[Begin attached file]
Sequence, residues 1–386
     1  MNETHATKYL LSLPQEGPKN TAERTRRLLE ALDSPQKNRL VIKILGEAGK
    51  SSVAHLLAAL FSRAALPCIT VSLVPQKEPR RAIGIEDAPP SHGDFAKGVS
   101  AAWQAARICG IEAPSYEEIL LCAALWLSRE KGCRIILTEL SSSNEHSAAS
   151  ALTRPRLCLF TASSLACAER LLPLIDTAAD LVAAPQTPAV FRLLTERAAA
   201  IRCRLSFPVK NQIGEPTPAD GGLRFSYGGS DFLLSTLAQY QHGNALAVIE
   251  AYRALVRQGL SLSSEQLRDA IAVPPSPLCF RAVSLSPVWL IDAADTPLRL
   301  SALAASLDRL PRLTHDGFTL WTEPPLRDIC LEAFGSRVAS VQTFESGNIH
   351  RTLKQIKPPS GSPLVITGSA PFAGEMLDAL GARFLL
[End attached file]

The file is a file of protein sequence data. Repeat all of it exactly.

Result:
Sequence, residues 1–386
     1  MNETHATKYL LSLPQEGPKN TAERTRRLLE ALDSPQKNRL VIKILGEAGK
    51  SSVAHLLAAL FSRAALPCIT VSLVPQKEPR RAIGIEDAPP SHGDFAKGVS
   101  AAWQAARICG IEAPSYEEIL LCAALWLSRE KGCRIILTEL SSSNEHSAAS
   151  ALTRPRLCLF TASSLACAER LLPLIDTAAD LVAAPQTPAV FRLLTERAAA
   201  IRCRLSFPVK NQIGEPTPAD GGLRFSYGGS DFLLSTLAQY QHGNALAVIE
   251  AYRALVRQGL SLSSEQLRDA IAVPPSPLCF RAVSLSPVWL IDAADTPLRL
   301  SALAASLDRL PRLTHDGFTL WTEPPLRDIC LEAFGSRVAS VQTFESGNIH
   351  RTLKQIKPPS GSPLVITGSA PFAGEMLDAL GARFLL